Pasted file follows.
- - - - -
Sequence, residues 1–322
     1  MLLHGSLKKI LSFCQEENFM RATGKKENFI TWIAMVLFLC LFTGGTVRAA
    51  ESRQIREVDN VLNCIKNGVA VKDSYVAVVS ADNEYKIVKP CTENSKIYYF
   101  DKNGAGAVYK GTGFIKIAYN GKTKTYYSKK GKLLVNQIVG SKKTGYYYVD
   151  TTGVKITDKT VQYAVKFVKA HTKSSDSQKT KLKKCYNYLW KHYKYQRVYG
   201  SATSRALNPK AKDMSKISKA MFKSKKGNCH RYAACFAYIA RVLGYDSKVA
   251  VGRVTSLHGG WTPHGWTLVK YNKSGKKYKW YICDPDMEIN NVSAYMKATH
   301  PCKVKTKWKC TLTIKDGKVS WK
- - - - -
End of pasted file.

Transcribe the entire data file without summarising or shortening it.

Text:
Sequence, residues 1–322
     1  MLLHGSLKKI LSFCQEENFM RATGKKENFI TWIAMVLFLC LFTGGTVRAA
    51  ESRQIREVDN VLNCIKNGVA VKDSYVAVVS ADNEYKIVKP CTENSKIYYF
   101  DKNGAGAVYK GTGFIKIAYN GKTKTYYSKK GKLLVNQIVG SKKTGYYYVD
   151  TTGVKITDKT VQYAVKFVKA HTKSSDSQKT KLKKCYNYLW KHYKYQRVYG
   201  SATSRALNPK AKDMSKISKA MFKSKKGNCH RYAACFAYIA RVLGYDSKVA
   251  VGRVTSLHGG WTPHGWTLVK YNKSGKKYKW YICDPDMEIN NVSAYMKATH
   301  PCKVKTKWKC TLTIKDGKVS WK